LB: All the time. Do you know how many “chick band” shows I’ve played in my career? There were periods of time when I’d only get booked on shows with other female-fronted bands, even if those bands were of a completely different genre. Or I’d get people telling me how to dress (“sexy it up”) or other tired, sexist bullshit. Having a chip on my shoulder was how I handled it for a long time before I realized that killing them with kindness and being ultra-professional was a better way to go.
Now I pride myself on being a good communicator, very organized (most of the time), and even-keeled. Nobody wants to work with you when you’re an asshole, no matter how talented you are. I try not to be an asshole, and I like to think that I have at least a little bit of talent. Because of that, over the years, I’ve made some wonderful and influential friends in the Sacramento scene who I trust and respect, and they return that trust and respect in kind. Every day, I work very hard to nurture and maintain those relationships.
WiMN: What have been some of the major highlights in your music career?
LB: Opening for Bad Company, opening for Heart, writing a song for the 2013 Berlin album and singing it with Terri Nunn (one of my idols who is now a dear friend) at a few of their shows, meeting Howard Jones (shut up, he’s amazing), opening for the Motels, Kings X, John Waite, Journey, Peter Frampton, Montrose… And sitting next to Ronnie Montrose on a plane to SXSW from Sacramento to Austin. He was an amazing man. I’ll never ever forget him and his impact on rock music.
WiMN: What do you have going on for the rest of 2017?
LB: Being a mom, teaching voice lessons, sweating with my Kaia sisters, helping to change lives with Girls Rock Sacramento, and playing more gigs, hopefully.
WiMN: Do you have any advice to women who are just getting started in the music industry?
LB: My very wise and wonderful friend Jenn makes amazing shirts that say, “BRAVE, not fearless,” which perfectly describes my best advice. Everyone has fears about stepping into the music industry. Those fears are totally normal and what make us human. But being a woman is harder. It just is, dammit. So be a BRAVE woman with that first step. Inhale deeply and then just fu**ing go for it. Be brave. Set your intention. Go.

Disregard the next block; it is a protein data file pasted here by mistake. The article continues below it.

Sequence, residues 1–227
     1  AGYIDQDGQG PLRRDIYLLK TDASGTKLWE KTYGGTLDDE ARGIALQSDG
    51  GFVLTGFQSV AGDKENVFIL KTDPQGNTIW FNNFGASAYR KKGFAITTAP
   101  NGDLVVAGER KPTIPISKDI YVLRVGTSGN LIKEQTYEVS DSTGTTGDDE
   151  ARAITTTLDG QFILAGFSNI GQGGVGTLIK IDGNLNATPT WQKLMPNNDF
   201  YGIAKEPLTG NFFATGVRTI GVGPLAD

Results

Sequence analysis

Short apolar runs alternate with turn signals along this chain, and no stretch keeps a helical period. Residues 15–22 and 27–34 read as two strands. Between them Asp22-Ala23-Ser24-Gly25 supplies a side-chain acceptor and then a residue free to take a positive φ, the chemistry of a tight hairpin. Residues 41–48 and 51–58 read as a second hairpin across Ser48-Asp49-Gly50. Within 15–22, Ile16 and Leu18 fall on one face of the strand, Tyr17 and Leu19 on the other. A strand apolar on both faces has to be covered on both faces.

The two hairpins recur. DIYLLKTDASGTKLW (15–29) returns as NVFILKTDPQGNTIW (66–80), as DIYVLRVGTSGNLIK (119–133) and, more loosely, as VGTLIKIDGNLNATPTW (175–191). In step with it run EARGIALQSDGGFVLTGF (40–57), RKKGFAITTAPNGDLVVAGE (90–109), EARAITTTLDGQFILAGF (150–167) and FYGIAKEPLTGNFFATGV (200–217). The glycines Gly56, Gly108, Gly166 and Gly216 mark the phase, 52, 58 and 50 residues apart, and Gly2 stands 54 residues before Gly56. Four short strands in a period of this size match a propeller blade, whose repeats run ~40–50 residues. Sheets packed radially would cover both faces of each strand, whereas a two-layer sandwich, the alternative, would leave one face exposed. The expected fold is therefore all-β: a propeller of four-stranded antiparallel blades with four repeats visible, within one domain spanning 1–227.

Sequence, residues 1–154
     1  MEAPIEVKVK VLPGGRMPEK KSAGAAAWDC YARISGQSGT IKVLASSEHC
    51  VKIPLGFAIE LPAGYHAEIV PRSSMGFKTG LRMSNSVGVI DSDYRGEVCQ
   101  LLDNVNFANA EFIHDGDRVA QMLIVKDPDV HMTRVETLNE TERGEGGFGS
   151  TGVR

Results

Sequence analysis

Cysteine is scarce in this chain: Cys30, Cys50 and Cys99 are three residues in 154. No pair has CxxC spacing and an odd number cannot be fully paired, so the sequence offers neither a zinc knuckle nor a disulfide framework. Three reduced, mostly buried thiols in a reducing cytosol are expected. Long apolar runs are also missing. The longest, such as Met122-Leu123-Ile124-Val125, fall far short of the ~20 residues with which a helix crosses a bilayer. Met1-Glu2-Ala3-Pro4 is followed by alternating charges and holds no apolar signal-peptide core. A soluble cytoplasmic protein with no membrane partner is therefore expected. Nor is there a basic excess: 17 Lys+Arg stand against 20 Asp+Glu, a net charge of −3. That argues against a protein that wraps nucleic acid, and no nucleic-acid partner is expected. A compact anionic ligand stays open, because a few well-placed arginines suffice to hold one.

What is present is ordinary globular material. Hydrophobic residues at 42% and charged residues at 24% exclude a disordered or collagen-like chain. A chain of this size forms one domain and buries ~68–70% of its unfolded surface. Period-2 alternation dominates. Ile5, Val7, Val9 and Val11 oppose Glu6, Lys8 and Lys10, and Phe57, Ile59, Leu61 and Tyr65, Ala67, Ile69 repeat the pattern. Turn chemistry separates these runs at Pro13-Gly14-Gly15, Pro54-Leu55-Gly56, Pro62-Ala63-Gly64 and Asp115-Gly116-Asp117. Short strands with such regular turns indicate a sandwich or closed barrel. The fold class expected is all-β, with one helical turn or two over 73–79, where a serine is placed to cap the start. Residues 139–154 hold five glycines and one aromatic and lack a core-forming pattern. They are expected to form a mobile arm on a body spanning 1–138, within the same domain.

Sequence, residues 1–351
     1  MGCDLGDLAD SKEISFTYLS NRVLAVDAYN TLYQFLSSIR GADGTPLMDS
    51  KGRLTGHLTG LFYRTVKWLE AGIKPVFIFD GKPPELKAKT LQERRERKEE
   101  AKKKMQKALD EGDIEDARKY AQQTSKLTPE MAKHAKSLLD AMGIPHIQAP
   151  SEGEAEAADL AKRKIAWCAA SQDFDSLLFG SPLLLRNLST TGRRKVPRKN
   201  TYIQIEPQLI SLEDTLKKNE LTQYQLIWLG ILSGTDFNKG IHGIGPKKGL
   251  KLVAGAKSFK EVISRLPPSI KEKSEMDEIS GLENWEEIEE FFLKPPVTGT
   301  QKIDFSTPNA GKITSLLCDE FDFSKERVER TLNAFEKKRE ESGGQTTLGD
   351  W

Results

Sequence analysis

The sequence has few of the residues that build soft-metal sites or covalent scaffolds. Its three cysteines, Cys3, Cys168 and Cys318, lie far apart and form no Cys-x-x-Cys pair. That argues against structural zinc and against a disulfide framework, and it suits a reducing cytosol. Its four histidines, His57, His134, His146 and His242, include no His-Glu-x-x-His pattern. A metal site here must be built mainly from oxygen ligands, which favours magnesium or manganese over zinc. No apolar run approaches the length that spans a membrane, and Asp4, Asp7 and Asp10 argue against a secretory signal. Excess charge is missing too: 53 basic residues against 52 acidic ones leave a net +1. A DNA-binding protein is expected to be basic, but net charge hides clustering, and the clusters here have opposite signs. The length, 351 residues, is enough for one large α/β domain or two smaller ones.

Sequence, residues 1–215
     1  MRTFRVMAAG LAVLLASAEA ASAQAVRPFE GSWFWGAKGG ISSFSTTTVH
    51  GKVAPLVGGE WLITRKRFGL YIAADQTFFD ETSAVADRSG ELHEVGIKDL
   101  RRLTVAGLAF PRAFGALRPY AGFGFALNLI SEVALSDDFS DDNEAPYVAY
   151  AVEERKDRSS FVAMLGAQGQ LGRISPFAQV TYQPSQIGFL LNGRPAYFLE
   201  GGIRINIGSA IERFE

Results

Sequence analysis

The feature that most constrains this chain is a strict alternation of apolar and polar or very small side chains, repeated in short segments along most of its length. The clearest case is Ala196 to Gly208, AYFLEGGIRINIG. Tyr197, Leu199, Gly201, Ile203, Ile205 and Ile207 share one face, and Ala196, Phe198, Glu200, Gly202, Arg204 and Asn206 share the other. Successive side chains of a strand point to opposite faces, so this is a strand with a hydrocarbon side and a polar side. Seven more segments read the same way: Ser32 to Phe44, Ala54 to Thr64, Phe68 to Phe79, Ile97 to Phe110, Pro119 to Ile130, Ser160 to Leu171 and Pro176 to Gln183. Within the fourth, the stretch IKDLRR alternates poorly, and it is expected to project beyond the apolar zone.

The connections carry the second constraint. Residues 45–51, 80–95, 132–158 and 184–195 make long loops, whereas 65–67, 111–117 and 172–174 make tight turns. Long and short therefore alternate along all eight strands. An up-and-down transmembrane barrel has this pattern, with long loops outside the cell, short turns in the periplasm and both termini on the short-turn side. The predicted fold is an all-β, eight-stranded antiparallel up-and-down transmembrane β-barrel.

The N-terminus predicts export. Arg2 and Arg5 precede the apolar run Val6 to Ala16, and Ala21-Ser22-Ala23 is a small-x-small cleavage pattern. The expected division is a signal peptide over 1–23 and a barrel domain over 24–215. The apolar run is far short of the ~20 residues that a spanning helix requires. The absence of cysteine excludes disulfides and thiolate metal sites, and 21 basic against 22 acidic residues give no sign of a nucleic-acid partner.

Below is a video I created from the very first Girls Rock Sacramento Mini Camp in July 2016, with performances by Heart of The Storm (7-11 yrs old), Middle-Aged Xnchilla Farmerx (12-15 yrs old), and the GRS instructors!
Above: Heart of The Storm. Below: Middle Aged Xnchilla Farmerx. Photo Credit: Elle Jaye Photography
Women have long since faced adversity in the music industry; especially in the rock arena. Many of the “top 10” lists in the music industry reflect this struggle, with the majority of artists being male singers and musicians. However, the Girls Rock Camp Alliance is an organization set out to change those numbers – and Girls Rock Sacramento is the latest music camp to help break that glass ceiling.
Founded by vocal instructor/singer Larisa Bryski and singer/bassist Emma Simpson, Girls Rock Sacramento launched its first music camp on July 17, 2016. A mini camp consisting of twelve girls ranging in age from 7 to 15, the young ladies were placed in a band and worked for five days creating an original song to prepare for the big performance at the end of the week. Coaches Sam Valentine and Katie Pryormentored the girls as they learned guitar, drums, stage presence and team work. Not only did these young women learn about music, they also learned about empowerment, finding their voice, and collaboration. GRS provides a safe environment for all girls and those who identify as girls to be themselves and follow their dreams.
Founders Emma Simpson and Larisa Bryski of Girls Rock Sacramento. Photo Credit: Elle Jaye Photography
I had the honor of teaching the self defense workshop with the young women and found such a strong sense of community with this organization. I asked some of the camp-goers, volunteers and coaches what they got out of the experience, and the responses were synonymous: confidence and the bonding friendships.